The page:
A good way to do this is to make a checklist of things you’ll need to do to reach the end point. These can be high-level things like, “Run A/B testing with focus groups,” or low-level things like, “Write an email to call for A/B testing participants.” Once your plan is on paper, finishing your project will seem much more doable, since all the steps left to take are right there in front of you. And as I talked about in episode 466, "Make a Plan for Motivation," even if you get some steps wrong, just making the plan will energize you and be motivating.

Re-measure often

Once you figure out the best way to track your progress, and the types of progress you need to track, choose how often you’ll track. Sometimes, tracking progress once a week is plenty. But from my experience, it’s best to track progress every two to three days.

That way, if you suddenly notice you’re not where you should be, you only have to make up two or three days’ worth of work. If you were only checking once a week, you could get an entire week behind before you’d notice it.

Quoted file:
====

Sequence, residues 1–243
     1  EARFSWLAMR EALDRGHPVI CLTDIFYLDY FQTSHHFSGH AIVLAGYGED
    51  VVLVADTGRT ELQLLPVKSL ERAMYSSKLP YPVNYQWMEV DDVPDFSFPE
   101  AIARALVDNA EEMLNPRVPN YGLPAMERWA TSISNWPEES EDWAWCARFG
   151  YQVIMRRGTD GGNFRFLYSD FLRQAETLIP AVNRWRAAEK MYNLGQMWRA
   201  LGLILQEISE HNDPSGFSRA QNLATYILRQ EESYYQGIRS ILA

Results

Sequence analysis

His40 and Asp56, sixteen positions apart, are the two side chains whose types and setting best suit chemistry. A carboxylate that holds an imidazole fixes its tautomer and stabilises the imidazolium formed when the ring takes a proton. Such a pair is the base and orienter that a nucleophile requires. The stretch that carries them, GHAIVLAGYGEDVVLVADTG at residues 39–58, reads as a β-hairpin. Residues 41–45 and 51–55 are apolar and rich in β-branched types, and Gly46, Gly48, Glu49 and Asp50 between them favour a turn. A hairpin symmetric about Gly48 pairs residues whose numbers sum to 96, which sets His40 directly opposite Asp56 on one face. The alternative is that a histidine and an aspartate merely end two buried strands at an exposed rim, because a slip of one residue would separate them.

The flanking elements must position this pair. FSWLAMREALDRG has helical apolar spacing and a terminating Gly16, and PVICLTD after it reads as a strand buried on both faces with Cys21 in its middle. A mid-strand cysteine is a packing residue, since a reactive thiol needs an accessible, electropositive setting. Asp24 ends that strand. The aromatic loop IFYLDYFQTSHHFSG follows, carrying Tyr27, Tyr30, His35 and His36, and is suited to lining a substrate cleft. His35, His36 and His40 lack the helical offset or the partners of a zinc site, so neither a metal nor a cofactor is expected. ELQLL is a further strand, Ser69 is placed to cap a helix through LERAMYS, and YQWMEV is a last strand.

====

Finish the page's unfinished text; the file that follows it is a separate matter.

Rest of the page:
From my experience, it’s best to track progress every two to three days.

What gets measured gets managed. And we love to manage progress. On a daily basis, concentrate your measurements on your progress goals, rather than your outcome goals. Then choose a less-frequent measurement that is based on where you are in your project: distance to your goal, or distance from your starting point. With a little experimentation, you can find the magic balance that keeps you on top of your game.

This is Stever Robbins. I give great keynote speeches on productivity, Living an Extraordinary Life, and entrepreneurship. If you want to know more, visit http://SteverRobbins.com.

Work Less, Do More, and have a Great Life!

Source: quickanddirtytips.com

How to Clean and Polish Your Wood

Clean furniture and floors

Remove water rings

If you have kids, you probably have watermarks on your finished wood table. Use a little petroleum jelly to remove the white stains. Just rub the area with the jelly and let it sit for several hours (or even overnight). Then rub again with a soft cloth—the stain should disappear.

Another way to erase water rings

Does your wood furniture have white rings left from wet glasses? Remove them with a mixture of 2 tablespoons corn oil and enough baking soda to make a paste. Apply the paste to the rings and let sit for at least 1 hour before rubbing the area gently. Or give mayonnaise a shot: Rub a tiny bit (1/2 teaspoon) on the ring and let it sit overnight. In the morning, just wipe with a damp cloth and the ring should be gone!

Erase wood scratches and dents

Head to the kitchen for a solution. For tiny scratches in your wooden table or floor, rub vegetable or canola oil into the surface. The oil will darken the area and help it blend in.

Related: 6 Items You Can Use to Cover Wood Scratches

Whip up your own wood cleaner